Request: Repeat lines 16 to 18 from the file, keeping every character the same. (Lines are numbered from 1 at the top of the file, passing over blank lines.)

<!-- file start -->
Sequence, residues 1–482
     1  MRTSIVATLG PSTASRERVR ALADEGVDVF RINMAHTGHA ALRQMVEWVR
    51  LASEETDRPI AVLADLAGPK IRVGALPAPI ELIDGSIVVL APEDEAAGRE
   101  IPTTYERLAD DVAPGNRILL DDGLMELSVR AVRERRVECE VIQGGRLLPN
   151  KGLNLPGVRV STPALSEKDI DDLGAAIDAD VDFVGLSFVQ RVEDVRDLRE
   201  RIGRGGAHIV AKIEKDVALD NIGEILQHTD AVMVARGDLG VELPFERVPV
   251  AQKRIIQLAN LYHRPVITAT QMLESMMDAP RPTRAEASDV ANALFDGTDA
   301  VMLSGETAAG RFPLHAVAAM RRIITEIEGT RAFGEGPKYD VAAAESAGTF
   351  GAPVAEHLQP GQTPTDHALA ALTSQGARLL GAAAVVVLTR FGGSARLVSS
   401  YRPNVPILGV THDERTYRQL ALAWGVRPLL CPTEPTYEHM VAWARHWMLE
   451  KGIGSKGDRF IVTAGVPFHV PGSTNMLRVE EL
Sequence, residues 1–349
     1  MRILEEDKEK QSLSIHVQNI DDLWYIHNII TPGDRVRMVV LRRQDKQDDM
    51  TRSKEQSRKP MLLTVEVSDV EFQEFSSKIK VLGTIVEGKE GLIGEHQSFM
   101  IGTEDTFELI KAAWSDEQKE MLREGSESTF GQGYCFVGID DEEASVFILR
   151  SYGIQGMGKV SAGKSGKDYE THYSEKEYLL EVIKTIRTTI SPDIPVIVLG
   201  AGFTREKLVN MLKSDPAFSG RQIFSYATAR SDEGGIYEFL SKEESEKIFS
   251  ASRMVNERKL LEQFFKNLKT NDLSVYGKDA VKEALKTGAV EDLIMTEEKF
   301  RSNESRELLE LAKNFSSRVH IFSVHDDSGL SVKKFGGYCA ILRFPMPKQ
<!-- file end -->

   151  SYGIQGMGKV SAGKSGKDYE THYSEKEYLL EVIKTIRTTI SPDIPVIVLG
   201  AGFTREKLVN MLKSDPAFSG RQIFSYATAR SDEGGIYEFL SKEESEKIFS
   251  ASRMVNERKL LEQFFKNLKT NDLSVYGKDA VKEALKTGAV EDLIMTEEKF